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Service fair emphasizes networking

Sean Meenaghan | Photo Editor
Sean Meenaghan | Photo Editor

SEAN MEENAGHANPhoto Editor
The SCSU service team organized its second annual Service Fair Jan. 30, to promote the numerous non-profit organizations in the New Haven Area to the Southern community.
The organizations at the fair informed Southern students and faculty about different ways they can perform community service. Stefan Keller, head of the service team, has put the fair together for two years. Keller said he planned to bring more groups than the previous year.
“By doubling the amount of agencies I hope to see twice as many Southern students,” Keller said. “Students can stop by, talk to a couple organizations, grab a snack and head off.”
RJ Mercede and Emily Gallagher, managers of Public Allies, a non-profit organization that exposes young adults to leadership training, said they want to expose new ideas to these recent college graduates.
“We focus on developing professional skills and leadership,” said Mercede. “There are 37 allies networking in Connecticut.”
Mercede said Public Allies focuses on three main cities, which include Bridgeport, Hartford and New Haven. With so many companies helping Public Allies, Mercede said the organization opens doors to employment.
“Some allies continue to work with the same organization,” said Mercede.
Gallagher added that some look to be more educated in the field they want to pursue.
“Seventy percent of the people that work with Public Allies stay with the same non-profit organization,” Gallagher said. “Twenty to 25 percent go back to school and some go on to other businesses.”
Networking is ideal for the organization, according to Mercede.
“It gives the people exposure to leaders in sectors.” Mercede said. “I hope the fair gets people thinking about what they’re doing next. I hope to connect with them.”
Keller said he hopes the Service Fair can bring Southern students out of just the campus environment and into the community.
“The service fair brings a connection to the university and the New Haven community,” Keller said. “Many students come to school not knowing what’s going on down the street.”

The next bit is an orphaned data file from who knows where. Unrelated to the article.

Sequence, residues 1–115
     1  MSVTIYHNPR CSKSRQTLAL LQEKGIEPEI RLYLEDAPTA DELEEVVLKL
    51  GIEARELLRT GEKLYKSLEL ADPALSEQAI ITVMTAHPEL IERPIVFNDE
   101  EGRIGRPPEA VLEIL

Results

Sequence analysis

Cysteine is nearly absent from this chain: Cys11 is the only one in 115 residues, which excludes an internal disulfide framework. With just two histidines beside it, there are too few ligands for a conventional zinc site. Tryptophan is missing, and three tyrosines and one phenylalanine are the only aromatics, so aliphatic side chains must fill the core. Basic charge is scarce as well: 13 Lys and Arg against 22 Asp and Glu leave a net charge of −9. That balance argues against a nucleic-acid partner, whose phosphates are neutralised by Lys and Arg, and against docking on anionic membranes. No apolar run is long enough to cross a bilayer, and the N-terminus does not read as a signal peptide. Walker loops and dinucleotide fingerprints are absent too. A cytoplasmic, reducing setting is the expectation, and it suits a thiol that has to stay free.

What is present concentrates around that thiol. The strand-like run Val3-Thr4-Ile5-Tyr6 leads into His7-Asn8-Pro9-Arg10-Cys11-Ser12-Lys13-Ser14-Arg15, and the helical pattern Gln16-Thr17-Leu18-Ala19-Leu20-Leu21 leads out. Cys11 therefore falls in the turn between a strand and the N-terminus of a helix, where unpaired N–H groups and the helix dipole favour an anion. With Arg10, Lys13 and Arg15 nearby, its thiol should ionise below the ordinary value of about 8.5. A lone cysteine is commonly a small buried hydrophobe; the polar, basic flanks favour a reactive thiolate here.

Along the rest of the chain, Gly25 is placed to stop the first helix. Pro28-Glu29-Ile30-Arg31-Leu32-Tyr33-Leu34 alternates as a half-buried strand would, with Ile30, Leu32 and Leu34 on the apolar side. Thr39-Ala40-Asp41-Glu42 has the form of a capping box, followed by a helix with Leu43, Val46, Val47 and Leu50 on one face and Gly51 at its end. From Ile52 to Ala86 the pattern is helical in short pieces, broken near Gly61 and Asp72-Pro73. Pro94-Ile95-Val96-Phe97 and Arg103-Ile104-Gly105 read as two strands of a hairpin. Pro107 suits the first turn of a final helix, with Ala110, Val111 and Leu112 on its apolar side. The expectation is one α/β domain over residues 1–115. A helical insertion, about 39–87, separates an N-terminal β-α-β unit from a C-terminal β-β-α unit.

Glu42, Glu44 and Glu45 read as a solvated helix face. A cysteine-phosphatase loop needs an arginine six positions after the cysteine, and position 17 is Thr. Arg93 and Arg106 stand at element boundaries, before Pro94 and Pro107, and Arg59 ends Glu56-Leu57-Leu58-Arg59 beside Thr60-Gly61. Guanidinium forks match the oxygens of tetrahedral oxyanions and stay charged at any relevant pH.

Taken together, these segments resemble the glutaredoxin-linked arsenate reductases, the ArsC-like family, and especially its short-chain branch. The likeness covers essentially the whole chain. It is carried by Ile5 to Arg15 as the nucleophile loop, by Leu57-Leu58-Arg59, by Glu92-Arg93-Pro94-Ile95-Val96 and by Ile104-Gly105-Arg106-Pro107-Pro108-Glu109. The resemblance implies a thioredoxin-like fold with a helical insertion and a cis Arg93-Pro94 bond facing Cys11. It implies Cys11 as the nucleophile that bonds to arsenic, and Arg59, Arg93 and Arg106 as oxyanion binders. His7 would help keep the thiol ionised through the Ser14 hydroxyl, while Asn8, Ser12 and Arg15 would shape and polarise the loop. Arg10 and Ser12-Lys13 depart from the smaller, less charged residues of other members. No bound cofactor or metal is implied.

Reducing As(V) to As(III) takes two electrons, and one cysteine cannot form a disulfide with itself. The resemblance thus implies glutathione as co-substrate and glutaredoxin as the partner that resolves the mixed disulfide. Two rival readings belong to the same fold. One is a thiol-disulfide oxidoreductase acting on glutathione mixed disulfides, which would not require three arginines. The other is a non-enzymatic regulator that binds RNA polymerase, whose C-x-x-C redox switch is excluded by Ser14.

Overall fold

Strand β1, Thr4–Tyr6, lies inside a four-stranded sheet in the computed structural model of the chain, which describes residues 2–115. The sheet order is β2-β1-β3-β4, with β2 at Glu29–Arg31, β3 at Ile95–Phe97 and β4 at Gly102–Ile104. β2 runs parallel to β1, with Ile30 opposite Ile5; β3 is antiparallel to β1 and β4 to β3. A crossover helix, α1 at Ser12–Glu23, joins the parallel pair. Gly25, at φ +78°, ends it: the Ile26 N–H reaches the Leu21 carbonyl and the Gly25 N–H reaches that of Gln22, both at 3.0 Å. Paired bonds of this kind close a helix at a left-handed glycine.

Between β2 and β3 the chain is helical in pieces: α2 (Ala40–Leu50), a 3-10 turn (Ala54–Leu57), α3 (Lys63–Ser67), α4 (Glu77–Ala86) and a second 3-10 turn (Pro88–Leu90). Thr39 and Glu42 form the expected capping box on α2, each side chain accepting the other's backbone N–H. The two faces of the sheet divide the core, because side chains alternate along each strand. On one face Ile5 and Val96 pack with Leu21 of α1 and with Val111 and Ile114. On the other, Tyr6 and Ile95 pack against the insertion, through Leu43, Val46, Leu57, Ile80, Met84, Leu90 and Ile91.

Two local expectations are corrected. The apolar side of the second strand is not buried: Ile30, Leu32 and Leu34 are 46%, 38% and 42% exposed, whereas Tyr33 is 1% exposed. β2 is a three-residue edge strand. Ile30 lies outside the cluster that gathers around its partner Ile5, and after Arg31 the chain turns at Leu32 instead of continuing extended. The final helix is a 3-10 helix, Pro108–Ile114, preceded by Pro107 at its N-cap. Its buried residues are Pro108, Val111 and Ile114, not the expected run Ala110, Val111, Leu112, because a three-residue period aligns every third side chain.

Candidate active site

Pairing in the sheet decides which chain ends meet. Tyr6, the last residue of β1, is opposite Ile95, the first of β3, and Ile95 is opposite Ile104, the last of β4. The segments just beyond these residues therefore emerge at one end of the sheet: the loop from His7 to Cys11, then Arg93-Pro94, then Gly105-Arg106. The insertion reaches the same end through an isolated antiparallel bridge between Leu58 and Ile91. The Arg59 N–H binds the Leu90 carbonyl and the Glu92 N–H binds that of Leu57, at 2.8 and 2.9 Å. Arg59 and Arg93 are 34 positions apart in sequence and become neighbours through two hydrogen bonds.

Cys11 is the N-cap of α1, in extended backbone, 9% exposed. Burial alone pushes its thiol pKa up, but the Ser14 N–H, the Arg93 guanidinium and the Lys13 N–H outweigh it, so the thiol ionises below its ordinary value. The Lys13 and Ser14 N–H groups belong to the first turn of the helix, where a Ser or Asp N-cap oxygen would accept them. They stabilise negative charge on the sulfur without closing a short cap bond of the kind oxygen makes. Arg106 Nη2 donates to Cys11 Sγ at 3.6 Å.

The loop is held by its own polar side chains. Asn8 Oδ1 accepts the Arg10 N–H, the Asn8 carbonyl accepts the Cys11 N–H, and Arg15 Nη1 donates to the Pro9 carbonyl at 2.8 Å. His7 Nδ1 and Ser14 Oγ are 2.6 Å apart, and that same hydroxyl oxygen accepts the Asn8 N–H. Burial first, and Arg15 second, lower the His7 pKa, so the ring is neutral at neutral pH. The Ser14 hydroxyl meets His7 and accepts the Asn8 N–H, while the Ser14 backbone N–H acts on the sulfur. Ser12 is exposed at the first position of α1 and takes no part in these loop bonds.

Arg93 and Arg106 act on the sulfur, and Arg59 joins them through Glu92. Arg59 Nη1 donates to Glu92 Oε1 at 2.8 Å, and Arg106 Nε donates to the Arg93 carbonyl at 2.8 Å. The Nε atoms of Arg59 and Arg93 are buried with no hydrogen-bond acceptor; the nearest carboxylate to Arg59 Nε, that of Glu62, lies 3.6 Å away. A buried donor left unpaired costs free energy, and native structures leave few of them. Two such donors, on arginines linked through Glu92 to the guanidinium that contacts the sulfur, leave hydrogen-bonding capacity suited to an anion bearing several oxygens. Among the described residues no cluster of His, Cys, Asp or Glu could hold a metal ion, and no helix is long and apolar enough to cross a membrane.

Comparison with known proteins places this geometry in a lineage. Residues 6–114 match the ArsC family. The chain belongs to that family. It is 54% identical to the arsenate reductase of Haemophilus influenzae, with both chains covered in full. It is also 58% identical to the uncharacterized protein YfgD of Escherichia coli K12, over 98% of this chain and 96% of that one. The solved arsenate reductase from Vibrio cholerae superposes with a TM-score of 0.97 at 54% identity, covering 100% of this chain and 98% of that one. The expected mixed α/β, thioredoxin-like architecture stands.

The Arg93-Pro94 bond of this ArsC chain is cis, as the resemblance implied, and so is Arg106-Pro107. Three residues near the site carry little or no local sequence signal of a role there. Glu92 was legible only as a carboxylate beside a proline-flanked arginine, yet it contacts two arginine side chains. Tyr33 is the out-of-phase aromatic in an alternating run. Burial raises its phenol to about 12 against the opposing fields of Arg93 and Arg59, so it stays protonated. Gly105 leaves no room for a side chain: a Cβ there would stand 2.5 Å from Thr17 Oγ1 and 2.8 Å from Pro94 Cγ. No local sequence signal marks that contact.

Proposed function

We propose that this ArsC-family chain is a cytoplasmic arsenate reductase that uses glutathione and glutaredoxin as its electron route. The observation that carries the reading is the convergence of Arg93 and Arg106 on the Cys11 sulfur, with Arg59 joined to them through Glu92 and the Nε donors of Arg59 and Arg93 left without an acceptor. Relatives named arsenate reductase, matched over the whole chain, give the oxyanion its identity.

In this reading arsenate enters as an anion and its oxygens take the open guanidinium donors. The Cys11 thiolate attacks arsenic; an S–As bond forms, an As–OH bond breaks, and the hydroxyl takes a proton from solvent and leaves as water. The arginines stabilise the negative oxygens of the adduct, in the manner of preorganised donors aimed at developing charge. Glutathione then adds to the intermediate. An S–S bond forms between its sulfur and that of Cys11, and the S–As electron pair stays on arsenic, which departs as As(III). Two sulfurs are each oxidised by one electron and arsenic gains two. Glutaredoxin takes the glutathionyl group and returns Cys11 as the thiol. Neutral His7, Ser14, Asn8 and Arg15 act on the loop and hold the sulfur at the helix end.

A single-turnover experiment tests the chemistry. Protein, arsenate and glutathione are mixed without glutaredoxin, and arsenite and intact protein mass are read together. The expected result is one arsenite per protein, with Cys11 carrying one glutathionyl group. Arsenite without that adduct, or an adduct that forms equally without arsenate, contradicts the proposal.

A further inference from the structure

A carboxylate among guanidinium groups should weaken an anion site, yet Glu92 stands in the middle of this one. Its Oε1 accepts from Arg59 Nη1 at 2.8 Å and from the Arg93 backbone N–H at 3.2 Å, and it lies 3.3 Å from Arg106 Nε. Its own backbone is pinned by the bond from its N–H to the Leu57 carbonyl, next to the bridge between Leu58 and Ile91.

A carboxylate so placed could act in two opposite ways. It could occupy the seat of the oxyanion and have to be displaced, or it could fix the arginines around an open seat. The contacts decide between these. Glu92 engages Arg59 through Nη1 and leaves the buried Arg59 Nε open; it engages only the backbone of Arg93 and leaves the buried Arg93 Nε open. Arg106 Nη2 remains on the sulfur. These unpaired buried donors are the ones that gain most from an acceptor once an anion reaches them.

Keller said he believes the fair will show a positive initiative.
“It speaks a lot about Southern,” Keller said. “The university is trying to get students involved with volunteering.”
The service club fills a need for students who want to get involved, according to Keller.
“Some students may not want to be in a club with a lot of people,” he said. “Students can get involved individually.”
Jami Horton, volunteer coordinator of the Whitney Center, said students and faculty have the ability to influence residents at the center.
“Volunteers can do lifetime stories where volunteers talk about life and engage the residents’ memory,” Horton said. “Volunteers can also play instruments, games and do arts and crafts.”
Eileen Jenetopulos, volunteer at the Ronald McDonald House, said the house is a home away from home for children being treated in hospitals.
“Volunteers can play with kids and give tours of the house,” Jenetopulos said. “Many Girl Scouts come in to work with the kids.”
Volunteers could come and cook at the house as well, according to Jenetopulos.
“Volunteers can make a meal for the children and their families,” she said. “It gives the children a good feeling when they smell the food since they have been in the hospital.”
Jenetopulous said the house brings in many volunteers.
“The house draws a lot of students from the area,” Jenetopulos said, “to fulfill community service requirements.”

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